Supported and limited by the provisions of norms 13485, 62304 and 60601-1, careful manufacturers have always preferred a safe path, opting for a use strongly limited to particular systems with special configurations. The result is now quite clear in the clinical setting, where interoperability and compatibility of different medical devices belonging to different manufacturers, is much lower and limited compared to mass settings. In relation to this topic, the new regulation not only does not provide any solution but it also worsens the situation, expressly introducing the definitions of compatibility and interoperability found as General Safety and Performance Essential Requirements under point 14.5. The new Regulation will not go in the direction of system integrability.

Differently from the old Directive, the new regulation presents rule 11 (in Annex VIII), specifically introduced for software. This is quite general in terms of predictable situations and it will be able to include most of concrete possibilities, and for this it will increase the risk class of a software.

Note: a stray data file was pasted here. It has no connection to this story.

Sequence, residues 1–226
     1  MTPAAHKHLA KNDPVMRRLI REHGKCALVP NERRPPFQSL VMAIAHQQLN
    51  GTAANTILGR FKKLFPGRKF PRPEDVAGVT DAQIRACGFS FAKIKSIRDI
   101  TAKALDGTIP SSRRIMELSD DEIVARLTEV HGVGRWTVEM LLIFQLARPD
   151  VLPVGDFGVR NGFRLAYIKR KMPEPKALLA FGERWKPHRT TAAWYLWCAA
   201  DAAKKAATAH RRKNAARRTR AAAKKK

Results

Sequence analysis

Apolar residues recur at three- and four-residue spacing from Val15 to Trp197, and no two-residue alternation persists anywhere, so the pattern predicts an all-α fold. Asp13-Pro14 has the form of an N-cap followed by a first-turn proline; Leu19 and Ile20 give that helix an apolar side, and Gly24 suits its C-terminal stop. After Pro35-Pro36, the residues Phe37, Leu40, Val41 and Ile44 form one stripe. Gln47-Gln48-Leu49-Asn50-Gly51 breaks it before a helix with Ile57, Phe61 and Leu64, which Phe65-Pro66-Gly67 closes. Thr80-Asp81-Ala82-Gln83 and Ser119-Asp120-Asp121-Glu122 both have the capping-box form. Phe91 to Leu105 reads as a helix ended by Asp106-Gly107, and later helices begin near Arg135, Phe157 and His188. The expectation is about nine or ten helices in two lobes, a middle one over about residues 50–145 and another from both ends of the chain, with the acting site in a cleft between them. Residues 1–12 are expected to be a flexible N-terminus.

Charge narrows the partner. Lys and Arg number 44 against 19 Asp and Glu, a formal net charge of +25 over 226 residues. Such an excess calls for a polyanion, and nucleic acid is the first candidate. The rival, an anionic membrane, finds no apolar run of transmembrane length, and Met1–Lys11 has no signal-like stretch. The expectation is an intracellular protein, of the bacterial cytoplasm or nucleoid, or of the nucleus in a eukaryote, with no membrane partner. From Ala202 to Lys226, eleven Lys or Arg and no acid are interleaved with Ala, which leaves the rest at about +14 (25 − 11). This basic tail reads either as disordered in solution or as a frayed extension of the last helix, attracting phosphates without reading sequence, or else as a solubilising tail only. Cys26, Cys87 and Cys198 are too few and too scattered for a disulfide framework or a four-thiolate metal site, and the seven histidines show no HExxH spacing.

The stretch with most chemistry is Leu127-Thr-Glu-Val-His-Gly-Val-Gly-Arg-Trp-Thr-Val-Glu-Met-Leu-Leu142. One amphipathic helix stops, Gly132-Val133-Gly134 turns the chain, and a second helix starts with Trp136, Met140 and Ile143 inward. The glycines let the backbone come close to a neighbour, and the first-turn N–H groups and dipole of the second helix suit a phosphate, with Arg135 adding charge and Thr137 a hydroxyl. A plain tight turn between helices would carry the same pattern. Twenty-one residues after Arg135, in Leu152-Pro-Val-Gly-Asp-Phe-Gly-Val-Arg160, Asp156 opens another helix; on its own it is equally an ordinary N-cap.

Finally, it is interesting to notice that the check and validation of the software are included among the characteristics of the dossier to be submitted to the investigator in the frame of a clinical trial (Annex XV, point 2.3).

In conclusion, the new Regulation addresses the topic of the software more extensively, amending many aspects of the current Directive, but it does not solve one of the main issues: the expectation of integration between different devices appealed for by many parts (health operators). A response may perhaps come from common harmonised or specific norms, but considering the strongly limiting aspects for a designer, this could remain just a utopia (i.e. information safety measures as protection against unauthorized access).

Written by: Amilcare Icomino